And here it is over the last decade:
If you’re not trading this stock, what’s the point? Who cares about respect. It’s about capital gains. Unless you’ve traded in and out of CSCO for the last decade, it’s been dead money. CSCO has been on lists for “great CEO”, “Best Company to work for”, ” and it’s still called the “backbone of the internet.” Use their products, but don’t own the stock unless you’re going to trade it. The opportunity cost for having owned CSCO has been huge.
Ed, Rich, and Vito of Barron’s would do a lot more service for the community if showed the managers’ fallibility over the years and how you can’t trust human judgment and fundamental theory. Otherwise, they perpetuate the falsehood about fundamental value. Forget the Balance Sheet people, the market puts the value on the firm.
Here is Barron’s Most Respected Companies.Read More
Dwight Anderson, managing partner of Ospraie Management LLC, always keeps his eyes on commodities. Today he is focused on three major economic elements that will drive commodity prices: economic stimulus, interest rates and U.S. dollar weakness. He’s also keeping a close watch on the country that continues to drive prices across the commodity spectrum: China.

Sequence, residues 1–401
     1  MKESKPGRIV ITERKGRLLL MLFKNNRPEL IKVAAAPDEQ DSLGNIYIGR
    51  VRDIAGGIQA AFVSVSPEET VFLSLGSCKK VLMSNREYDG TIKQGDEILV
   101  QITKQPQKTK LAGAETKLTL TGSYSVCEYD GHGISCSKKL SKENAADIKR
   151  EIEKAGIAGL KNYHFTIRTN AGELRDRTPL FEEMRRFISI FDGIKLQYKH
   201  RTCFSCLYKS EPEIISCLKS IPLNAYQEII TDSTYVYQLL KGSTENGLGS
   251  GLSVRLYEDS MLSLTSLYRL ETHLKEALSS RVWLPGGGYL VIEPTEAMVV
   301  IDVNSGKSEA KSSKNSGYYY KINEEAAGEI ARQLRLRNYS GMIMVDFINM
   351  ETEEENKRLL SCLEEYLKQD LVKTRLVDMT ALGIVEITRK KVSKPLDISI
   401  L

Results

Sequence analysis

For all the talk about the effects of the Federal Reserve Bank’s stimulus efforts – inflation and fiscal debt woes – the value of storable commodities is getting remarkably little attention.
Dwight Anderson, managing director and founder of Ospraie Management, says the flood of stimulus money into the U.S. economy means investors need to consider holding storable commodities as a way to retain purchasing power.
A combination of a supportive monetary backdrop and demand from emerging markets has created an environment for commodities that encourages investment in storable resources. These include platinum and palladium – known as the platinum group metals – and cotton on the agricultural side.
Read the rest of The Long Look at Commodities at CME Group.Read More